So let’s review. We invade Iraq in 2003 for the fun of it, even though we knew then that Saddam Hussein had nothing to do with the 9/11 attacks, and we were in a position to know that there was no viable nuclear weapons program in Iraq. In doing so, we bankrupt America, cost ourselves much of the moral authority and respect we earned in our careful but resolute handling of the Cold War, shatter the political career of England’s Tony Blair, cost the lives of 4,489 Americans and hundreds of thousands of Iraqis (many of them mere civilians), wound tens of thousands of Americans (many grievously), and then merely walk away to leave Iraq to pick up the pieces and see the sectarian civil war we touched off through to its grim end. If you want to enrage an American GI, just mention Fallujah, which we took in 2004 at enormous cost in lives and materiel, now casually abandoned to the very forces we sought to defeat.
But in 2014 Russia swallows Crimea in direct violation of a sacred American commitment, and we just wring our hands. Crimea is infinitely more important than Iraq, partly because of its geopolitical location, mostly because of its intense symbolic importance in defining what sort of power we intend to be in the 21st century, and what international promises we really mean to keep. We were once prepared to go to nuclear war over the city of Berlin (1961). Now we are not even willing to station an American or NATO fleet in the Black Sea to honor our international agreements.
Theodore Roosevelt believed you cannot secure peace unless you are actually willing to wage war. He would make it unambiguously clear to Putin that any further incursion into Ukrainian sovereignty will be met by an armed response led by the United States — and TR would not be bluffing. His logic would be that the Russians will almost certainly back down at the prospect of a real war against the United States and — if they don’t — well, then, war is preferable to national dishonor. In other words, to avoid war you actually have to be willing to fight one, and if you are truly willing to fight one, you probably can avoid war.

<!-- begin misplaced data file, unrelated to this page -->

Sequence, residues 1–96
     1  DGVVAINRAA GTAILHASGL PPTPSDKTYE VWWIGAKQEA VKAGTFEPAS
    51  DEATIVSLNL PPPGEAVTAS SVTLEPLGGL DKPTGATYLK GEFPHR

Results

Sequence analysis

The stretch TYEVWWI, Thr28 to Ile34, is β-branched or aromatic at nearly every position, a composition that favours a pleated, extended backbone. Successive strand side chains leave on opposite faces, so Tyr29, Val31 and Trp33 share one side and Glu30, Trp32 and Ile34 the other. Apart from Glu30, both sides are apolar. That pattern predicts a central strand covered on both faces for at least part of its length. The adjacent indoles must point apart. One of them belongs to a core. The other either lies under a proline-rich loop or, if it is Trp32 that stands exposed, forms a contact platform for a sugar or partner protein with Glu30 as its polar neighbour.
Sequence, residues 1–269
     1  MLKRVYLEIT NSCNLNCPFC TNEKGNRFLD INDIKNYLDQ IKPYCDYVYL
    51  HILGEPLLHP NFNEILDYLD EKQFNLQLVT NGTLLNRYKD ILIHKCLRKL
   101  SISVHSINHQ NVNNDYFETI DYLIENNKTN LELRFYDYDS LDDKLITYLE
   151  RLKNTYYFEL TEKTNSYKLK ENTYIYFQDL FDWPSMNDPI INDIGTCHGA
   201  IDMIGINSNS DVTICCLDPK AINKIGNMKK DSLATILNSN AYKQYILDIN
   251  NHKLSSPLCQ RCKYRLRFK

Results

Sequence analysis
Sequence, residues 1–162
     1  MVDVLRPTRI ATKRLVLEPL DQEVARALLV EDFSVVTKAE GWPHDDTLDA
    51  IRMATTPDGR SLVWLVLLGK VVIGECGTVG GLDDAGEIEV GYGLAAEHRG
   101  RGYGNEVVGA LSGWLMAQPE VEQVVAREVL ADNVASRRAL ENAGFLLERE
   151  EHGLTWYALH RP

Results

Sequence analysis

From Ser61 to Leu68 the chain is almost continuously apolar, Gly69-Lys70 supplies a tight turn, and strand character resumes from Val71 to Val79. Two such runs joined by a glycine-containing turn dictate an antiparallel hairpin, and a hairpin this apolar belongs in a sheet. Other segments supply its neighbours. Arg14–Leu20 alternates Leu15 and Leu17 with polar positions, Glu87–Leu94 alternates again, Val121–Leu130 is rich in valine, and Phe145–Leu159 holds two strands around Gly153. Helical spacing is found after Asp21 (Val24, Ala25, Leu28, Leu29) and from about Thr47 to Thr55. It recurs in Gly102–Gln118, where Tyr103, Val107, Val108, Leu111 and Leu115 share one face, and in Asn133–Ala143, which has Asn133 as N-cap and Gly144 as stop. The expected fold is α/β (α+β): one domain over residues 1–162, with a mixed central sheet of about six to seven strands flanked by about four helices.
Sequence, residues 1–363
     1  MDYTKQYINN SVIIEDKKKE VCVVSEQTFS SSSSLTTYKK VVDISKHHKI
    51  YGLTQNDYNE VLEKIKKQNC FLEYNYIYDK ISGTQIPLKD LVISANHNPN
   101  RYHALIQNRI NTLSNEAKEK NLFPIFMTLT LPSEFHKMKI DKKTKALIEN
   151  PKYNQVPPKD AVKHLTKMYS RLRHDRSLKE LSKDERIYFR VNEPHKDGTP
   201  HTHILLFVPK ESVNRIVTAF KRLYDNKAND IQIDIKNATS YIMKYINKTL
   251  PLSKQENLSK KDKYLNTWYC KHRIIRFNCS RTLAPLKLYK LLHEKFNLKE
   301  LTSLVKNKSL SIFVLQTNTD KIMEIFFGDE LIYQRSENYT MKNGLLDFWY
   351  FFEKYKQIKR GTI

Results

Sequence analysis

In 1985, a scholar named John Milton Cooper wrote an important dual biography of Roosevelt and his nemesis Woodrow Wilson called “The Warrior and the Priest.” It takes you about 200 pages to realize that the pacific idealist Wilson, not Roosevelt, turned out to be the warrior (World War I), and the militarist Roosevelt, not Wilson, turned out to be the priest. Roosevelt won the Nobel Peace Prize for his successful brokering of the Russo-Japanese War in 1905. Wilson campaigned in 1916 on the slogan, “He kept us out of war.” Then, in April 1917, he took us into that war. Roosevelt’s greatest regret was that his seven-year, 171-day presidency glided by without a major domestic or world crisis, the kind of pressure cooker that tests presidential character and makes for lasting greatness — the very kind of crisis that his fifth cousin Franklin led us through in 1932-45. That “limp-wristed” Wilson got the crisis that TR dreamed of handling, and to his mind would have handled infinitely better than the former professor and president of Princeton University, nearly killed poor Roosevelt.
I do reluctantly believe that Roosevelt was right about the dynamics of peace and war in a world of thugs like Putin. Of course, if TR were around now, he’d also want to put together a “harum scarum group of cowboys and Indians” and Yale yachtsmen and Harvard tennis champs, “a voluntary cavalry unit,” and march them off to Crimea whilst reciting Tennyson’s “Charge of the Light Brigade.”